The smart city concept brought out by the current government in India, urges planners to design innovative future cities to address the urban transition India is experiencing. In 1900, around 15% of world’s population lived in cities where as in 2015 more than 55% lived in cities. By 2050 it is estimated that 70% of world’s population will be living in cities. According to United Nations, Cities are using only 2% of the entire planet’s land mass and 75% of the world’s natural resources, accounting for approximately 80% of the planet’s greenhouse gas emissions. The challenge ahead for city planners is to accommodate the 70% population which will be living in cities by 2050 in the 2% of land available to them.

    Improved access to global markets, rapid advances in technology, as well as rising expectations of citizens is fueling the growth engines of urbanization. Cities around the world are embracing a smart agenda. There are several definitions of what it means to be a “smart city,” thus giving an opportunity to governments to define their own programs, policies and procedures, responding to their own unique priorities and needs. Famously, the word SMART as an acronym stands for specific, measurable, achievable, relevant and time-based goals. Most of smart city frameworks in the developing world comprise projects and programs that feature smart grids, smart buildings, clean technology and smart governance. However, apart from meeting basic needs, smart cities need to also improve livability, give its citizen a sense of pride, ownership, identity and belonging.

    Reviving the urban fabric

    Every city has a peculiar character, represented by elements such as smell, form, colour, texture, sound and culture, commonly described as the urban fabric. A smooth texture, a ragged landscape, a dense weave, a focal point, an intriguing maze, etc., all represent the city’s unique character. Thus, just like a fabric, a city also has a print, a pattern and a colour and when it evolves with time, more often than not, it changes these inherent characteristics. In other words, by accommodating migrant population, welcoming new cultures and traditions, the city voluntarily or involuntarily absorbs elements – and loses its basic essence for better or worse.

    Delhi is a historic city, between 3000 B.C. and the 17th century A.D seven different cities came into existence in its location. The remnants of each of these seven cities can be seen today in structures such as Gates, Tombs, Water Bodies, Economic Activities and Streetscape, though most features have lost their fervor with time. An organic city by nature, Delhi has seen drastic changes in its urban form. Several rulers conquered Delhi and adorned it with their symbols, Turk introducing Minar, Mughal Domes, Persian coloured tiles, Maratha’s shikhars and British Bungalows with Gardens.

     

    Photo 2: Delhi’s old structures peeking out of the evolved streetscape today

    Photo 2: Delhi’s old structures peeking out of the evolved streetscape today

     

    However, in modern times, the urban design is not dependent on rulers and thus before a city involuntarily transform we need to plan the inevitably transformation. The launch of four flagship Missions (Smart City, AMRUT, HRIDAY and Swachch Bharat Mission) by Ministry of Urban Development, Government of India represents a realization of a paradigm shift which is taking place in addressing the challenges this evolving unplanned urban transition. These interlinked Missions built on broad overarching objective of creating clean, sanitized, healthy, livable, economically vibrant and responsive cities propagate ‘Planning’ as a fundamental tool for providing realistic direction and cohesive development.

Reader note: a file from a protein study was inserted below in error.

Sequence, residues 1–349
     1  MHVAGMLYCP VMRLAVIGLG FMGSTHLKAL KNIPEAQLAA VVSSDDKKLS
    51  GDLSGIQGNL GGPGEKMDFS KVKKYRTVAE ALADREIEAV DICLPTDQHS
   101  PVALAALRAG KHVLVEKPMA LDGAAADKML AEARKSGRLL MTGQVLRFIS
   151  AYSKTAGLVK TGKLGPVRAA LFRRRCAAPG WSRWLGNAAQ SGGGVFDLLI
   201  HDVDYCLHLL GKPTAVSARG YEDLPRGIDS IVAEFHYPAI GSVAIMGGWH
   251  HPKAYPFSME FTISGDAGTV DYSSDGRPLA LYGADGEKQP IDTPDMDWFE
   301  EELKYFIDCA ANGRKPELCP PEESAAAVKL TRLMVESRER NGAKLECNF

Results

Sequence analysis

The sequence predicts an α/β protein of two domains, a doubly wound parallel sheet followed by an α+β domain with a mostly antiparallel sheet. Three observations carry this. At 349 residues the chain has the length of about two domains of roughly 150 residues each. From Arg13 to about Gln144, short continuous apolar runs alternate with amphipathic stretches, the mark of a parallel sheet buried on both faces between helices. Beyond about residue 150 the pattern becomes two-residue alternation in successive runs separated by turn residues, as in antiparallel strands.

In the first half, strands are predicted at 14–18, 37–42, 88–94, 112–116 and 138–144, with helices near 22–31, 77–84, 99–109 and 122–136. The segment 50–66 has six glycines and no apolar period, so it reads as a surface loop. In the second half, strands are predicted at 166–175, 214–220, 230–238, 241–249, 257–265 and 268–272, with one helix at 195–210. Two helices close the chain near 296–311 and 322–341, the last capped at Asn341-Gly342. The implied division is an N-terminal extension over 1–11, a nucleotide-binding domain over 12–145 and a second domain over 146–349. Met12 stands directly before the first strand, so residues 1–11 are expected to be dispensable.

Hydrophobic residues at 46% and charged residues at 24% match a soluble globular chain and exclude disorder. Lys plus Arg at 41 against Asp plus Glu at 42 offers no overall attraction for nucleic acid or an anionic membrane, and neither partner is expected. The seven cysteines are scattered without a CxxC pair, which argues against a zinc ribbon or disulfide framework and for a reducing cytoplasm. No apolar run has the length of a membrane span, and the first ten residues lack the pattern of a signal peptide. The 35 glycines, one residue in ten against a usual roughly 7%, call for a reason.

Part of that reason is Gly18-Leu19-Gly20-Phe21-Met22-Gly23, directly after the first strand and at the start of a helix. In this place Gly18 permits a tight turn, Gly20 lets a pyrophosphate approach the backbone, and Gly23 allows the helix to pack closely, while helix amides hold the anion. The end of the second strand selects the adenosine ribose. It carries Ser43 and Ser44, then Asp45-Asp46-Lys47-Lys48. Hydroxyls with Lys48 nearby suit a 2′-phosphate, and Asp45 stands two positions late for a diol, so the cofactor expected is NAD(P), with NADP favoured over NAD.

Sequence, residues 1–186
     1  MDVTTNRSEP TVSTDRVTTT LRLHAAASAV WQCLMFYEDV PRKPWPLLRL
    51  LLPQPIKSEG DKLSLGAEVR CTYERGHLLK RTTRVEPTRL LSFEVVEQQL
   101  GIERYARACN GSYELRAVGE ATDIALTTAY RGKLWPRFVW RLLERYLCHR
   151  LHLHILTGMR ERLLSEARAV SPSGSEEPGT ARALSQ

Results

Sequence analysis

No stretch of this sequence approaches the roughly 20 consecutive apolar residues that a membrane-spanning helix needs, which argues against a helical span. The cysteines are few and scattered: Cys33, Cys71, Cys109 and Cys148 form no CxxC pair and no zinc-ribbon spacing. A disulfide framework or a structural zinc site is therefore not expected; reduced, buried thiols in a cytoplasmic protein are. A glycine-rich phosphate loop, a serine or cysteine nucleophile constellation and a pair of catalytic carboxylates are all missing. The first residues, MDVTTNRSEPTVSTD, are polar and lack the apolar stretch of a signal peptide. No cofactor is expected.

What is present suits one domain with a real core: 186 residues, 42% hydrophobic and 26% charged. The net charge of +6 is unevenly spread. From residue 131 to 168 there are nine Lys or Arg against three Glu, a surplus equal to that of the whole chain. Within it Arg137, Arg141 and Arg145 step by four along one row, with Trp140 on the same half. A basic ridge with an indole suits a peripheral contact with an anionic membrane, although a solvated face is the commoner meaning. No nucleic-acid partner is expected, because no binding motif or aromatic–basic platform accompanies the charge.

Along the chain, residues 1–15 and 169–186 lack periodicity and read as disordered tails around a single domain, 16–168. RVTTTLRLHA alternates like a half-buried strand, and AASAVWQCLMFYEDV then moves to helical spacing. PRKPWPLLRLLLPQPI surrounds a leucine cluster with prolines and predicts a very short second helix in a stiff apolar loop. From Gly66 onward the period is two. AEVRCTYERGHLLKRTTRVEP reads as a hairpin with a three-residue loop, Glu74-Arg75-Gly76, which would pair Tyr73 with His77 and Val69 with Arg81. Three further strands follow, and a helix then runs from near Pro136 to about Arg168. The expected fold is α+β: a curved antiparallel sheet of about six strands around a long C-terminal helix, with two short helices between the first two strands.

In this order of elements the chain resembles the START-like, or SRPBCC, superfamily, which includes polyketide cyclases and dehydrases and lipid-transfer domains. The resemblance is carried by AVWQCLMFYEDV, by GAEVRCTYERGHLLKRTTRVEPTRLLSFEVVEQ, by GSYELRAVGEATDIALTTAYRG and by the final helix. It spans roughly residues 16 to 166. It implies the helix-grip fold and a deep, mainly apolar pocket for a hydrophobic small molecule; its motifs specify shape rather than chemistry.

The question however still remains – will smart cities revive the decaying urban fabric? The cities of today need a renaissance movement to make them more inviting, sustainable and vibrant. Art can be instrumental in renewing the look of the city and thus the new trend of using graffiti in portraying emotions, conveying messages and giving dimension to the otherwise plain façade is an idea which is fast catching up in cities around the world. An individual’s expression, graffiti – triggers different reactions from onlookers. Where, many relate to them, some also find these obscure and obstructing. Besides, igniting different feelings amongst people they are being welcomed more and more as part of the urban form. In addition to urban features like, street furniture, signage, kiosks and structures; art and colour are becoming popular urban elements reversing the slow death a city is prone to undergo.

    Art on the walls of houses, schools and community spaces is not new to India. Women have been painting their homes from outside by drawing specific geometric patterns. Folk art and strings of mystical stories are common illustrations found in villages with lined mud houses, helping to differentiate the otherwise similar looking brown facades.

    Photo 3: Traditional paintings on the walls of Rural India.

    Photo 3: Traditional paintings on the walls of Rural India.

    Continuing with this tradition, Delhi has recently endorsed graffiti on its vertical frame changing the streetscape altogether. One of the first public intervention adopted by the residents of Lodhi Colony in Delhi has helped convert their residential area into an art district. Several Art Volunteers from across the globe have been tasked to reform the plain walls of the residential blocks into masterpieces. The art portrays – mythology, technology, nature, Indian ethnic patterns, future but above all it portrays pride. Pride which every citizen needs to feel for their larger abode – the city in which they live to respect and to protect the space.

    Photo 4: Recent promotion of Street Art by international artists in Lodi Colony, Delhi

    Photo 4: Recent promotion of Street Art by international artists in Lodi Colony, Delhi

     


    Daljeet Kaur is Associate Director – Knowledge Management with IPE Center for Knowledge and Development (http://ipeckd.com/ipeckd). IPE CKD is the knowledge management arm of IPE Global Limited (www.ipeglobal.com), which was established in 2013 to extend the frontiers of knowledge and promote experimentation for innovative solutions to global development challenges. Alongside her work, Daljeet pursues her passion of painting, sketching and drawing under the banner madhURBANi.